Discover the cosmos! Each day a different image or photograph of our fascinating universe is featured, along with a brief explanation written by a professional astronomer.
2021 September 15
Explanation: Where on Earth do cyclones go? Usually known as hurricanes when in the Atlantic Ocean and typhoons when in the Pacific, the featured map shows the path of all major storms from 1985 through 2005. The map shows graphically that cyclones usually occur over water, which makes sense since evaporating warm water gives them energy. The map also shows that cyclones never cross -- and rarely approach -- the Earth's equator, since the Coriolis effect goes to zero there, and cyclones need the Coriolis force to circulate. The Coriolis force also causes cyclone paths to arc away from the equator. Although long-term trends remain a topic of research, evidence indicates that hurricanes have become, on the average, more powerful in the North Atlantic over the past 30 years, and their power is projected to keep increasing.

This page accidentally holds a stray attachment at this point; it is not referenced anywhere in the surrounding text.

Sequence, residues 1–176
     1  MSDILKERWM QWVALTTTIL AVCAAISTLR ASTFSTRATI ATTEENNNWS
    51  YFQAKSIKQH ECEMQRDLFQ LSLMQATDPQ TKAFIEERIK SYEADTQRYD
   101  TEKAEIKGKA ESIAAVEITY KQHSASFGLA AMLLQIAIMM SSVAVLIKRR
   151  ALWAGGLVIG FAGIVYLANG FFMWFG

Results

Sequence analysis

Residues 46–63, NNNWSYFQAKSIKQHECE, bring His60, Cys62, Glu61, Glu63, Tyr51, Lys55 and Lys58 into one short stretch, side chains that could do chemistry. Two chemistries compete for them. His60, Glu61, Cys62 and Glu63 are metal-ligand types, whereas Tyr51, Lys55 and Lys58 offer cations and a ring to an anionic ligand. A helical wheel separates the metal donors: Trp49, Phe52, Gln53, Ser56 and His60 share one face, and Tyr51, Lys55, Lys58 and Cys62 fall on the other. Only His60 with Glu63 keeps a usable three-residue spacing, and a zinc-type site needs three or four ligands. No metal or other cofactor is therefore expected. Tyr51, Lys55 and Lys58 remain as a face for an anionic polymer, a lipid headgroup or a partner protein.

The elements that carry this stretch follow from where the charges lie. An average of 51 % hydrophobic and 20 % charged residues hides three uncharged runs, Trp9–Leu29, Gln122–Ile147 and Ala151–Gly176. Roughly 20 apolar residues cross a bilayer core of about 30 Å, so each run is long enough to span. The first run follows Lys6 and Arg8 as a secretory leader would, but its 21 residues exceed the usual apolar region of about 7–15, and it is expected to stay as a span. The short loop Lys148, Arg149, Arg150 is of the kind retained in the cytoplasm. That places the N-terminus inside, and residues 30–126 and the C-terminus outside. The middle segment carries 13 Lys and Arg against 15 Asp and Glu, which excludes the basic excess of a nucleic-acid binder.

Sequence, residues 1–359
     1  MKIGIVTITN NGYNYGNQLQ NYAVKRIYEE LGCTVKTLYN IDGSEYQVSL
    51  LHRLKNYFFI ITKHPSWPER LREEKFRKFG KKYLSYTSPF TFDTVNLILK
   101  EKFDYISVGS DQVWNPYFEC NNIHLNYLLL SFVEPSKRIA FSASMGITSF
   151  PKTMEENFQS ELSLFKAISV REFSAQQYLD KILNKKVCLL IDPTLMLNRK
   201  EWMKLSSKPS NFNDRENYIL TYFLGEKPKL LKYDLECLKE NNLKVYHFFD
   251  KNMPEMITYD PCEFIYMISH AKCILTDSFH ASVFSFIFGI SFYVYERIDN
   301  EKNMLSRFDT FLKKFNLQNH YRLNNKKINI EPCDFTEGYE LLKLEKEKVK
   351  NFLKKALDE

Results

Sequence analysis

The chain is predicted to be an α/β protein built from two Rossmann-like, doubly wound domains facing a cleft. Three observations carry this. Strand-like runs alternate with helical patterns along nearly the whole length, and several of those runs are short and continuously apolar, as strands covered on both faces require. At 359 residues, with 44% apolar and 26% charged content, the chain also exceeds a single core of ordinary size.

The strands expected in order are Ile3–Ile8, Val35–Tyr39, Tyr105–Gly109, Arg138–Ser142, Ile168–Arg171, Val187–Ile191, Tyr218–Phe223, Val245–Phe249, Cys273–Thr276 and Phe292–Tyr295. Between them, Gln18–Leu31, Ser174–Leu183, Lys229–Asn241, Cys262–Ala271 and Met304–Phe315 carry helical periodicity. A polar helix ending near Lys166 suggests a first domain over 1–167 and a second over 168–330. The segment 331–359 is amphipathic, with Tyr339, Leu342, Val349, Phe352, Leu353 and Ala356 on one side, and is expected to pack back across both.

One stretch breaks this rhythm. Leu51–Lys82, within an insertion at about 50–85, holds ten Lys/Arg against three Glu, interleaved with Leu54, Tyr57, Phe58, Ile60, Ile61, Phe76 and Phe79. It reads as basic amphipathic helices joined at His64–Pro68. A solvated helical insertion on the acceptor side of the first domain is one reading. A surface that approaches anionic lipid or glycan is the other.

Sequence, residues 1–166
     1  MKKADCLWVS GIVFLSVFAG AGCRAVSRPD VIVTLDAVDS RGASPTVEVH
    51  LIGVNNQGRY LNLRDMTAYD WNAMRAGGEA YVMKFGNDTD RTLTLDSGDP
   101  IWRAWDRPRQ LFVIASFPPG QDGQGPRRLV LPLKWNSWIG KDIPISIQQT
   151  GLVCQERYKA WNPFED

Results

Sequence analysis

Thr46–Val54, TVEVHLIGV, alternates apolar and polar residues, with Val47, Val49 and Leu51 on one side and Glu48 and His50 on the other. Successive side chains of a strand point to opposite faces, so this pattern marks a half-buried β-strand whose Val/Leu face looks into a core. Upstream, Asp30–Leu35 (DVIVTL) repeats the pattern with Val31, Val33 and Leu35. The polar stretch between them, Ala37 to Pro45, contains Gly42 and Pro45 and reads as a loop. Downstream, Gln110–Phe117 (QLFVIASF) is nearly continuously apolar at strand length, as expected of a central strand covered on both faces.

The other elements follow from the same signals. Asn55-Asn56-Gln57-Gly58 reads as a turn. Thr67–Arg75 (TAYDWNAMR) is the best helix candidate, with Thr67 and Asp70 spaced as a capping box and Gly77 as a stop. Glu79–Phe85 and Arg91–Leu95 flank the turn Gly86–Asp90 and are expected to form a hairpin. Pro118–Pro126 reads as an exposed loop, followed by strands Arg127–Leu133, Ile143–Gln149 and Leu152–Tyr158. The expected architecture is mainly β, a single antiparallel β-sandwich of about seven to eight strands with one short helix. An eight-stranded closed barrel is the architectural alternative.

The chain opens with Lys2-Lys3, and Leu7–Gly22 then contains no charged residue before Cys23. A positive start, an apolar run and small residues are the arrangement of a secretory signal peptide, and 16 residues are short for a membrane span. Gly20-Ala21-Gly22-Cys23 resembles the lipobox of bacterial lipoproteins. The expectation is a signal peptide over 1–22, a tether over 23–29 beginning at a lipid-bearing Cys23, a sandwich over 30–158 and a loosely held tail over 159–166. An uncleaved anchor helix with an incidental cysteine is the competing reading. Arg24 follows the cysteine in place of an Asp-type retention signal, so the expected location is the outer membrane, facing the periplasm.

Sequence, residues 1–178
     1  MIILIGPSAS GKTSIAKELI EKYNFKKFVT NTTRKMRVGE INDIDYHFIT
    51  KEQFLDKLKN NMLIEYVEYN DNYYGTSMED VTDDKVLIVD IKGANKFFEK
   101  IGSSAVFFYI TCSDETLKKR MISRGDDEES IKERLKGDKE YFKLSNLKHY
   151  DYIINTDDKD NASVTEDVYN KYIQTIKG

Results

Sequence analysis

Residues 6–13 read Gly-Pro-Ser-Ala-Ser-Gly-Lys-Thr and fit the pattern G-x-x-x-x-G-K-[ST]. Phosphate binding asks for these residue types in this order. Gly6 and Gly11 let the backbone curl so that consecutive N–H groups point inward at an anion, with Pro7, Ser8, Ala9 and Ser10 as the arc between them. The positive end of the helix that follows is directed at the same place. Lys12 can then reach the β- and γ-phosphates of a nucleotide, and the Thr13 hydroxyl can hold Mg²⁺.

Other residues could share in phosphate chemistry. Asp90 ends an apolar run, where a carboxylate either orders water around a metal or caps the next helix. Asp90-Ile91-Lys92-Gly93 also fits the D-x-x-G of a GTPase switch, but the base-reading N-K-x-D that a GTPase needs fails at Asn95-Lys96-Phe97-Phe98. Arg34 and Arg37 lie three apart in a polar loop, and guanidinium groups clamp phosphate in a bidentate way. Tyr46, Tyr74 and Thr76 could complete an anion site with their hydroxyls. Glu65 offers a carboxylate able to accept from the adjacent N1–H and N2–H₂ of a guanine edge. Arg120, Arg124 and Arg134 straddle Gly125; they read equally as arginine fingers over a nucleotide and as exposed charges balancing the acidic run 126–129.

Authors & editors:
Jerry Bonnell (UMCP)
NASA Official: Phillip Newman Specific rights apply.
A service of: ASD at NASA / GSFC
& Michigan Tech. U.